5. ^ "MPs quiz Minister on new reforms to calling general elections". UK Parliament. 21 June 2021. Retrieved 1 January 2022. The new Bill looks to restore the power of the Prime Minister to call elections when they choose.
  6. ^ a b c "Draft Fixed-term Parliaments Act 2011 (Repeal) Bill" (PDF). gov.uk. Retrieved 5 May 2021.
  7. ^ "Johnson to restore power to choose general election date". Shropshire Star. Archived from the original on 13 May 2021. Retrieved 13 May 2021.
  8. ^ a b "Dissolution and Calling of Parliament Bill". parliament.uk. Retrieved 12 May 2021.
  9. ^ a b "Tried and tested system for calling elections restored". GOV.UK (Press release). 24 March 2022. Retrieved 24 March 2022.
  10. ^ a b "Government to fulfil manifesto commitment and scrap Fixed-term Parliaments Act". gov.uk. 1 December 2020. Retrieved 6 May 2021.
  11. ^ "What does the new Dissolution Bill do?". BBC News. 13 September 2021. Retrieved 15 March 2022.
  12. ^ "Boris Johnson fails in third attempt to call early general election". The Guardian. 28 October 2019. Retrieved 1 January 2022. Boris Johnson has lost his third bid for a general election, after Labour abstained and he failed to reach the two-thirds majority of MPs he needed for a poll. The result was 299 votes for and 70 against.
  13. ^ "Get Brexit Done: the Conservative and Unionist Party Manifesto 2019" (PDF). Conservative and Unionist Party. p. 48. Retrieved 24 November 2019.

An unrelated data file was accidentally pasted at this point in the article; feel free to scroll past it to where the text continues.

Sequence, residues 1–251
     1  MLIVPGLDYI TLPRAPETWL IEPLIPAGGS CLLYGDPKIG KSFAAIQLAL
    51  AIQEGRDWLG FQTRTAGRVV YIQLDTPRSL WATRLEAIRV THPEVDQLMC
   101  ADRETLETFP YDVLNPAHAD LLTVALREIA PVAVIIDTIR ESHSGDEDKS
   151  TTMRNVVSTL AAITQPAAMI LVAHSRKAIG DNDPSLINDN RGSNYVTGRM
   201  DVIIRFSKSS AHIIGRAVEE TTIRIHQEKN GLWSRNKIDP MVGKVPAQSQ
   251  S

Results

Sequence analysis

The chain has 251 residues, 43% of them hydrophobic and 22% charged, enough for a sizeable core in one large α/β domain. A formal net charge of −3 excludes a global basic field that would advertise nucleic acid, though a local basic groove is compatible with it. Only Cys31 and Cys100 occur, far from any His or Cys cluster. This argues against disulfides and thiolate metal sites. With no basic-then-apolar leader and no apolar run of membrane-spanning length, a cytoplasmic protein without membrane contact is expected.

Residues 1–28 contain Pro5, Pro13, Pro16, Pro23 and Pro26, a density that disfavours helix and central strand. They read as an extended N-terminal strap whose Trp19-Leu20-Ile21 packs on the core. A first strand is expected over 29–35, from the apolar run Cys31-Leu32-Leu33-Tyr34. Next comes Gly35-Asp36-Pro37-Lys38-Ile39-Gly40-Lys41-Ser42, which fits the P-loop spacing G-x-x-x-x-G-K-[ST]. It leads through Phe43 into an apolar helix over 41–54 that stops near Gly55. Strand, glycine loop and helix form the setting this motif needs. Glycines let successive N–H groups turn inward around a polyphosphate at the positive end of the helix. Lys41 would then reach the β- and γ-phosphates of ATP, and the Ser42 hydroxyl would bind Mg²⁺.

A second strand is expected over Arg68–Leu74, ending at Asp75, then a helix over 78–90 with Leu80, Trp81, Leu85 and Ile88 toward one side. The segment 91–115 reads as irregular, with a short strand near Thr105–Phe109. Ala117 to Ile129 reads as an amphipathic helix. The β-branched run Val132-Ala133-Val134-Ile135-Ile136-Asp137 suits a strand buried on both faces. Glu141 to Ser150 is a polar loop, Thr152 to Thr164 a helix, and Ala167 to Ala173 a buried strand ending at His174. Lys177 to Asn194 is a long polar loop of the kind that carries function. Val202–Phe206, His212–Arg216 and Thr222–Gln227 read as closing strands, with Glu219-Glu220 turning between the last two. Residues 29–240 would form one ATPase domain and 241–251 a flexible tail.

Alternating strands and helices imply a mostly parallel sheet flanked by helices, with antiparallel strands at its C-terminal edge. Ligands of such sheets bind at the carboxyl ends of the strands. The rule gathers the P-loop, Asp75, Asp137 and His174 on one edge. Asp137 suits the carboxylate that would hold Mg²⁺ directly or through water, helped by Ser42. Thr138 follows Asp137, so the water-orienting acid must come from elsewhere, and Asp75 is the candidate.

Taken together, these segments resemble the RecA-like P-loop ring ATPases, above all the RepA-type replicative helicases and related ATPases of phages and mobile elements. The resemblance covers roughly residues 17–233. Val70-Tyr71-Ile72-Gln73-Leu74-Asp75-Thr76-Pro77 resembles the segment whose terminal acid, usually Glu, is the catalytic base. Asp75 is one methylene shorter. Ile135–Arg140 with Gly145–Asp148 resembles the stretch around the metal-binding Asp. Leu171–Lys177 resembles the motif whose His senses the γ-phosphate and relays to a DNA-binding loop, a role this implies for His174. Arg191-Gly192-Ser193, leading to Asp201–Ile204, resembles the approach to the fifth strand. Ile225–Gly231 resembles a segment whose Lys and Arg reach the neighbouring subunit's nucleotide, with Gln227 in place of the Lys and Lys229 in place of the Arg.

14. ^ "It's Time For Real Change: The Labour Party Manifesto 2019" (PDF). labour.org.uk. p. 82. Retrieved 1 January 2022.
  15. ^ Rentoul, John (29 November 2020). "What is going to happen to the Fixed-term Parliaments Act?". The Independent. Retrieved 6 May 2021.
  16. ^ "Fixed-term Parliaments Act 2011 (Repeal) Bill [HL] 2019-21". parliament.uk. Retrieved 6 May 2021.
  17. ^ "Dissolution and Calling of Parliament Bill" (PDF). parliament.uk. 12 May 2021. Retrieved 12 May 2021.
  18. ^ a b c Walker, Alex (19 February 2021). "The Joint Committee on the Fixed-term Parliaments Act: an update". The Constitution Society. Retrieved 5 May 2021.
  19. ^ "Oral evidence: Review of the Fixed-term Parliaments Act, HC 1046". parliament.uk. 17 December 2020. p. 11. Retrieved 5 May 2021.
  20. ^ "Joint Committee on the Fixed-Term Parliaments Act: Report". parliament.uk. 24 March 2021. pp. 30, 34, 44. Retrieved 5 May 2021.
  21. ^ a b "Repealing the Fixed-term Parliaments Act: Major constitutional change needs careful scrutiny, says Joint Committee". parliament.uk. 24 March 2021. Retrieved 8 May 2021.
  22. ^ a b "Dissolution and Calling of Parliament Act 2022: Progress through Parliament". House of Commons Library. Parliament of the United Kingdom. Retrieved 3 May 2022.
  23. ^ "24 March 2022 Royal Assent Commission and Crown Office notice". Crown Office. Retrieved 17 August 2022.

Further readingEdit

External linksEdit